62 speakers: the Audi Sound Concept Project

62 speakers: the Audi Sound Concept Project

OneShift Editorial Team
OneShift Editorial Team
15 Jun 2010

Peter Gleim’s eyes light up when he cranks up the volume. The engineer works in Infotainment Development at Audi in Ingolstadt, where he heads the Audi Sound Concept project. His test subject is a Q7: Standard on the outside, interior modifications have transformed it into a rolling hi-fi studio that takes a radically new approach.

The idea behind Audi Sound Concept is a physical principle called wave field synthesis, which states that the front of any individual wave can also be considered as superposition of individual waves. In the world of acoustics this means that a sound wave can be recreated by a multiplicity of small sound sources placed closely adjacent to one another along the wave front.

The principle was first put into practice by Dutch scientists in the late 1980s, and it can be experienced today in a movie theater in Ilmenau, in the German state of Thuringia. Each of the 192 individual speakers at the Linden Lichtspiele movie theater is driven separately by a fast computer – at the precise moment in which the virtual wave front would pass through its point in space. Some signals are delayed by milliseconds, depending on the location of the speaker. The result is fascinating: Each moviegoer experiences perfect audio spatialization in optimal sound.

One of the driving forces in the field of wave field synthesis is the Fraunhofer Institute for Digital Media Technology (IDMT) in Ilmenau. Audi began its development work in collaboration with the IDMT five years ago. The current status of the project is the Q7 prototype, which is parked in a workshop. A powerful amplifier takes up most of the space in the luggage compartment, and thick cables connect it to three PCs.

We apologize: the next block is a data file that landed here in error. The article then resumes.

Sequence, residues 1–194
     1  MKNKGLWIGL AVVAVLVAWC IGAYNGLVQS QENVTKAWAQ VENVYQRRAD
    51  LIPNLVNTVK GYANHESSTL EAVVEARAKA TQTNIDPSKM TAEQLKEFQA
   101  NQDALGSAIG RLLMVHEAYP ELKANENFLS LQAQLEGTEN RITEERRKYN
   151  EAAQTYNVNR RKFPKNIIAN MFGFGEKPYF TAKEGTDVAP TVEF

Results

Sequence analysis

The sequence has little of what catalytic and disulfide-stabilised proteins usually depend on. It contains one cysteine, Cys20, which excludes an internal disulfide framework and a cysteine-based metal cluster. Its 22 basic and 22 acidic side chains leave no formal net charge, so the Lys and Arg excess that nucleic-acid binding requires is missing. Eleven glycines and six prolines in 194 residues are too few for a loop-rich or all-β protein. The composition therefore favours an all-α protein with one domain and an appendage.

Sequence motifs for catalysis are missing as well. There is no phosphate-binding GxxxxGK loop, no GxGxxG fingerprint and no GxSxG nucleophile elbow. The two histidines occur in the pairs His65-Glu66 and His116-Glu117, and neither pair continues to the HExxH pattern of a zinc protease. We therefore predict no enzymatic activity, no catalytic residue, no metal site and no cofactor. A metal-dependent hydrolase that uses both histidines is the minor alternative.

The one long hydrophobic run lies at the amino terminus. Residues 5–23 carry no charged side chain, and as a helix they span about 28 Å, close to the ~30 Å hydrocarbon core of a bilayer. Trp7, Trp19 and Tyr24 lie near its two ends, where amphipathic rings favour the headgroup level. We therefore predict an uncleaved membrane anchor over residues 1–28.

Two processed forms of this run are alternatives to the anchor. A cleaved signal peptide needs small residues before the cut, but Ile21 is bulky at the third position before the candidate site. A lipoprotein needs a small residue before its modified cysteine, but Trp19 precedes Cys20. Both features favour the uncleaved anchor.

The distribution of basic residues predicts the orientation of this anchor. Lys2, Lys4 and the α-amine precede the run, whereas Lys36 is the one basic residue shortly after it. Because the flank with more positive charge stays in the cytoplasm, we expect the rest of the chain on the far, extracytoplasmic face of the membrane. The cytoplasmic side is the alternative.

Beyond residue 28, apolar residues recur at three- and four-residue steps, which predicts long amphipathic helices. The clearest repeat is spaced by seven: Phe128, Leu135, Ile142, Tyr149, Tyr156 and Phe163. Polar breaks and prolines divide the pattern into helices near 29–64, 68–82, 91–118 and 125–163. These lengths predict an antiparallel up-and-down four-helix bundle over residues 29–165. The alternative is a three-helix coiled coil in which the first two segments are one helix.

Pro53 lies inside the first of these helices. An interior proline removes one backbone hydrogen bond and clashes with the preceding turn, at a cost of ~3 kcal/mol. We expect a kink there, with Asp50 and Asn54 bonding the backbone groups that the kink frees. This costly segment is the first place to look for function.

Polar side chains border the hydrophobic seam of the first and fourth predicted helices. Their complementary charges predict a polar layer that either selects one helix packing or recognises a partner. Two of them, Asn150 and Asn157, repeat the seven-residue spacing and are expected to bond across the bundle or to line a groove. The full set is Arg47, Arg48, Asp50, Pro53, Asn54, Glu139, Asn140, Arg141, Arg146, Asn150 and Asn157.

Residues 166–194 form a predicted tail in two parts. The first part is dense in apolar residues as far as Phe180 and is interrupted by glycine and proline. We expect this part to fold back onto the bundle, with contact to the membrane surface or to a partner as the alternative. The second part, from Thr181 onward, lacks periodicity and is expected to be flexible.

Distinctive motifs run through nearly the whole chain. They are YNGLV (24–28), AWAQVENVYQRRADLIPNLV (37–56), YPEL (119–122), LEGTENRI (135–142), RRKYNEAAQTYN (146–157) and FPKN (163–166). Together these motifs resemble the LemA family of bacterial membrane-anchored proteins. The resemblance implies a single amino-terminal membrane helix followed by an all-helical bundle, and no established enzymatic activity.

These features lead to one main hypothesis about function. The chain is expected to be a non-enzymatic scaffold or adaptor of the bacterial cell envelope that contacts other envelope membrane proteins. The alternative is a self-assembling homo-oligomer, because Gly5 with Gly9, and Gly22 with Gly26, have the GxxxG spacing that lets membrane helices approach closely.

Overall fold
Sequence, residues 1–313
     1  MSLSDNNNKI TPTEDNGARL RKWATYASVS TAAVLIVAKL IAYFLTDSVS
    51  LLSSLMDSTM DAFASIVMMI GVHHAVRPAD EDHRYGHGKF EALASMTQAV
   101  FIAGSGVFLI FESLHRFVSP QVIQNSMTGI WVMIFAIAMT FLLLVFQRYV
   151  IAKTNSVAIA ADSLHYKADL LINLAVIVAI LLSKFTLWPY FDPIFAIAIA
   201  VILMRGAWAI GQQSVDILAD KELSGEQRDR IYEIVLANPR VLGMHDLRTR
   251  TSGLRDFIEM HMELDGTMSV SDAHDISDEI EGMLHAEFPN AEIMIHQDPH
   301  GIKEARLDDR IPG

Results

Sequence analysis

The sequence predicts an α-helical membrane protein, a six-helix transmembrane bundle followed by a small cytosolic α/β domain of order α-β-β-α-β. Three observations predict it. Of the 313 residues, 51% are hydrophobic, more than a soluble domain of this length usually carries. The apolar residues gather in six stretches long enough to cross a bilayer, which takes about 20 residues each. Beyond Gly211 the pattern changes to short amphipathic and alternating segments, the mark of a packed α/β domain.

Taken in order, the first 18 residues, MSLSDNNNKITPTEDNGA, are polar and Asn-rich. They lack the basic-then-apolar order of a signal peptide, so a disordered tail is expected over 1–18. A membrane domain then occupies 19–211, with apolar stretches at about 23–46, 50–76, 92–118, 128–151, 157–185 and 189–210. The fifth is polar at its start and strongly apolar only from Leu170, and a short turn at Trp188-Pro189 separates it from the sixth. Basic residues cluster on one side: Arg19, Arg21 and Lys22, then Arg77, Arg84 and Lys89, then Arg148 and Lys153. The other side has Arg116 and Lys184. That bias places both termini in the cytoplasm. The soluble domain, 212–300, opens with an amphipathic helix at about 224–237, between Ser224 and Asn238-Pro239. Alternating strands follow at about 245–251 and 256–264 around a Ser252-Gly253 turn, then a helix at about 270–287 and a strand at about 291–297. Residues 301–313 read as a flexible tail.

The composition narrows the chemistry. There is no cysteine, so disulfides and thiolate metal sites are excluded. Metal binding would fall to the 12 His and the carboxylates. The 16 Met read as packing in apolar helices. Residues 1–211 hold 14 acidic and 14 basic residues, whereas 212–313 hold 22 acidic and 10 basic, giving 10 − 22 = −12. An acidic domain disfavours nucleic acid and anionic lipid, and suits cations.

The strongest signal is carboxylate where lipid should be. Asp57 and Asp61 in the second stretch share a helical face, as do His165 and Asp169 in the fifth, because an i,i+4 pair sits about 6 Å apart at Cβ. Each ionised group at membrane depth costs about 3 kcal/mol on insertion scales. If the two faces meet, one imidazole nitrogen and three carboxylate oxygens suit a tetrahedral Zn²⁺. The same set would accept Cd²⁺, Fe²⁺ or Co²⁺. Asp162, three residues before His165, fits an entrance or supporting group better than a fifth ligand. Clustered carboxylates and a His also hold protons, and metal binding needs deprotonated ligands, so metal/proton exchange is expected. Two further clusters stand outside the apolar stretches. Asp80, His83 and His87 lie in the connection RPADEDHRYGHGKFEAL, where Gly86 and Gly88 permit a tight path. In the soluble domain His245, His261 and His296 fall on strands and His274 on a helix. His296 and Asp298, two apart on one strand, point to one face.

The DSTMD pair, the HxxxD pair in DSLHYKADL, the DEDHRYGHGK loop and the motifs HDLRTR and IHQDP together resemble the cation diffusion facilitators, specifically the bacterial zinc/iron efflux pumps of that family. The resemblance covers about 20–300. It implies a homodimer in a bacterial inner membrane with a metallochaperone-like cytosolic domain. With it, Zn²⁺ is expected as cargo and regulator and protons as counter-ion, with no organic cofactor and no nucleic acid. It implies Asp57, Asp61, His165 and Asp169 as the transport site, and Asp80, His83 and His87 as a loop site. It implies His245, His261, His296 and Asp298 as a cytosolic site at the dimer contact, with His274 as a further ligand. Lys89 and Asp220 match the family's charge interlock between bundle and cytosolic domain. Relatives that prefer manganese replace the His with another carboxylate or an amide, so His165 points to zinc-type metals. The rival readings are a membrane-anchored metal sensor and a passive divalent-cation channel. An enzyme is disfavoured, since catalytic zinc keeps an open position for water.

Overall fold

Installed in the Audi Q7 are 62 speakers – five woofers and five tweeters plus 52 mid-range speakers in the instrument panel beneath the windshield, in the roof pillars and in the doors. Five units are integrated into each door sill – with Audi-typical perfect workmanship. Specialists made cutouts in the sheet metal, fabricated new bezels and lowered the interior door release handles.

Wave field synthesis is not dependent on special material to demonstrate its strengths, however. It also coaxes entirely new acoustic images out of conventional stereo signals. As Gleim explains, “We can simulate any wave front. With stereo, we can generate a sound as if the two speakers were located far outside the car. And we can also add any desired spatial impression computationally – not as a sound effect, but as a mathematically precise simulation.”

The sample for this is also very convincing. The vocals come from far off to the left, seemingly from the corner of the workshop, with the guitar coming from the other corner. This impression remains the same regardless of whether the listener is behind the wheel or on the back right seat of the Audi Q7. And sound quality is always first class – with sparkling trebles, crystal-clear midrange and dry bass. Even the slight buzz as the guitarist’s fingers hit the strings makes its way to the ear with extreme precision.

“Our goal was to show what is technically feasible; to explore the limits,” explains Denis Credé, Head of Sound Development at Audi. “What we are learning will be integrated into the sound systems of tomorrow. It’s like with racing: A lot of what is first tried out on the race tracks of this world later shows up in modified in production vehicles. The Audi Sound Concept project is like racing for sound systems.”

Credits: wilswong

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